There’s big reasons we prefer to shop online – time-savings, convenience and ease of use to name a few. Whether from the couch or waiting at the airport, we have instant access to find exactly what we’re looking for online. It may be an emergency anniversary gift that has to be delivered tomorrow or a book you’ve been dying to read. Regardless of what we’re looking for online, do our search habits change? For example, would I shop for a pair of shoes any differently than I would for an online course that’s required for my profession? Nope, it would be the exact same way.
For me hunting for the perfect shoes requires going to the site, navigating to women | shoes, filter by sandals | wedges | size 7.5 | tan (maybe apply one more filter like price range because I only want to see 10 results per page), then find exactly what I’m looking for, add to cart, checkout, and confirm purchase. I always shop the same exact way. It doesn’t matter the retailer or the item, I want to filter down to the exact item I need, and in the fewest clicks possible.
My search for an online continuing education course is no different. Once I get to the course catalog, give me as many ways to filter (by course name, delivery type, credit hour, location) so I can find what I’m looking for without having to browse through a full page of results. Because if I don’t find what I’m looking for within a few clicks, I’m leaving the site and going to another one that is easier to navigate.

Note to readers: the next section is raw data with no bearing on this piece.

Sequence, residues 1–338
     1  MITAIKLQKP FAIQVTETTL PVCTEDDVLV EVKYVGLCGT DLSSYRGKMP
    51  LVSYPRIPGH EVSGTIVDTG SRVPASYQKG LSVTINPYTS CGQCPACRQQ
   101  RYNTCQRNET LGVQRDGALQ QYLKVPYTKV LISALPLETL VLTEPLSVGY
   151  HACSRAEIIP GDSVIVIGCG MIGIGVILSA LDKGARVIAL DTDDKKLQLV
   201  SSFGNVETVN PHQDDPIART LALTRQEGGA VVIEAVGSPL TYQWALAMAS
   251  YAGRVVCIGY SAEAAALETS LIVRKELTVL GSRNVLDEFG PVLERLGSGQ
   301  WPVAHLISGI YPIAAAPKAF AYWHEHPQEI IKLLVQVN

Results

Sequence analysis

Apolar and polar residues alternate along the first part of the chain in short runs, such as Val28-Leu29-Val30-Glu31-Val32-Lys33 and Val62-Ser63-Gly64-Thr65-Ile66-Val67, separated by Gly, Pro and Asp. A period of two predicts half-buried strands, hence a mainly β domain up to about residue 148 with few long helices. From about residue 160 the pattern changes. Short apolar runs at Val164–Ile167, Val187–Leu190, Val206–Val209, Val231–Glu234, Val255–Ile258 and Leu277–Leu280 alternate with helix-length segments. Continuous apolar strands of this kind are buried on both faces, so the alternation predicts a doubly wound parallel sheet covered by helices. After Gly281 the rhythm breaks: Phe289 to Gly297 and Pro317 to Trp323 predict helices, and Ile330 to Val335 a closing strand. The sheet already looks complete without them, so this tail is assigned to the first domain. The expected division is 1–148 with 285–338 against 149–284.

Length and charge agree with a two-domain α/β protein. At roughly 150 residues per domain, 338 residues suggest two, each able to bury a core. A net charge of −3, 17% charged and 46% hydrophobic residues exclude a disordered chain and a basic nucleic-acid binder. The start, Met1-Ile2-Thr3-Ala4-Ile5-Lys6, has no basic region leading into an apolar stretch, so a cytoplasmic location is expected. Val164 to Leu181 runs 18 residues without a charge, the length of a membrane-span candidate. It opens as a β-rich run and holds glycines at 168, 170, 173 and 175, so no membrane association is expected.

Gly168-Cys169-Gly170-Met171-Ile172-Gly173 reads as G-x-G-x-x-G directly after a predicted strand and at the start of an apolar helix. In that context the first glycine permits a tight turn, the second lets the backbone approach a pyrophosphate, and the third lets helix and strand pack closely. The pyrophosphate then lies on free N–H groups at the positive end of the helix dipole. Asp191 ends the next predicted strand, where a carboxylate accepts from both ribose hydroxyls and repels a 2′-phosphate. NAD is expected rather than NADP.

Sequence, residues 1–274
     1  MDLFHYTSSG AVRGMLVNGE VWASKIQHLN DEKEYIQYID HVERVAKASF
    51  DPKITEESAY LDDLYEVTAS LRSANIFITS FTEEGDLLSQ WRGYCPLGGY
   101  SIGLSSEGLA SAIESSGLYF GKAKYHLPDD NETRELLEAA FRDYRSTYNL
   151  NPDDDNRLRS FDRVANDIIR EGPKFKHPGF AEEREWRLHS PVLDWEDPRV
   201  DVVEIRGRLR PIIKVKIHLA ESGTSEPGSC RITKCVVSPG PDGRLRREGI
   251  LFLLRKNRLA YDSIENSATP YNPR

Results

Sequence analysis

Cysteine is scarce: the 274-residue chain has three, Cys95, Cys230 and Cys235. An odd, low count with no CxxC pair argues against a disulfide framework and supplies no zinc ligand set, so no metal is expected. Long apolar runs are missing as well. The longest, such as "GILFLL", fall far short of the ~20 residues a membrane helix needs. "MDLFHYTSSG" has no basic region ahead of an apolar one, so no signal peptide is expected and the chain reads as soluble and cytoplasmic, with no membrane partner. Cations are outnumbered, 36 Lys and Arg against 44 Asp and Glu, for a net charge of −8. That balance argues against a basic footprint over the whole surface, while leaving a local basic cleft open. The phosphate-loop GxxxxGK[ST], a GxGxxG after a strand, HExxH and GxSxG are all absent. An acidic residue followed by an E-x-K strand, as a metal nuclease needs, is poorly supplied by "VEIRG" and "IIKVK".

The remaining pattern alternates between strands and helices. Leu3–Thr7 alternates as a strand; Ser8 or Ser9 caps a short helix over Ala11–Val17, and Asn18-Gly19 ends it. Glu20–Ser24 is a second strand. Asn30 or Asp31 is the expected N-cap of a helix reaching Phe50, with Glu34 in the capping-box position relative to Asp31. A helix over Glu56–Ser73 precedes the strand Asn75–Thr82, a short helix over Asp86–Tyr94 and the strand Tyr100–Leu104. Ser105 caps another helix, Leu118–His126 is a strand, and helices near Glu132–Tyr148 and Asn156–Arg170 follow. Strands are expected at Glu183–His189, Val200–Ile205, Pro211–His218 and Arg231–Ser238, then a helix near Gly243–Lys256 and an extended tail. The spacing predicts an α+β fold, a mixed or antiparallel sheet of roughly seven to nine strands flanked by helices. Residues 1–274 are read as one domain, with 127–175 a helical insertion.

Maybe your online habits are different from mine (no hard feelings) and you prefer using search terms. What works for Google should work across all websites, right?! Of course. You can search by keyword or exact phrase, and expect for the results to be accurate. Maybe you’re looking for a watch that is also a heart monitor—type in running watch with heart monitor in the search box—presto, 20 different items. Same with browsing for online course—you’d type in Affordable Care Act to find CME specific to that topic. Different purchases, same browsing behavior.
Last and probably the most important scenario, is for those that shop for items that are recommended by others. They might filter or use search terms, but once they reach the results, they want to know how other people rated the item. Again, doesn’t matter if it’s the pair of shoes, the watch or an online course. So, having a site that enables peer reviews, helps with a very important phenomena called “word-of-mouth” marketing. And, 63 percent of people are more likely to purchase a product from a site if it has product ratings and reviews.
And, once the perfect item is found may it be my summer wedges or the Ethics course I need, it better be easy to buy! Having a My Account, Cart History, and pre-populated profile information are all ways to make the final steps to purchase as seamless as possible.
In summary, the keys to success related to online shopping and continuing education include:
- View your CE catalog as an online store, people shop for CE the same way they would at any big online retailera. Your content won’t sell itself, unfortunately, it has to be easy to find
- Understanding web browsing habitsa. 63% more likely to purchase a product from a site if it has product ratings and reviewsb. 50% average bounce rate, half of your visitors who land on your website leave and don’t come back
- Promoting paths to easily find contenta. Improve bounce rates with great navigation, filters, cross-linking
- Removing barriers to purchasea. Seamless path from browse to purchase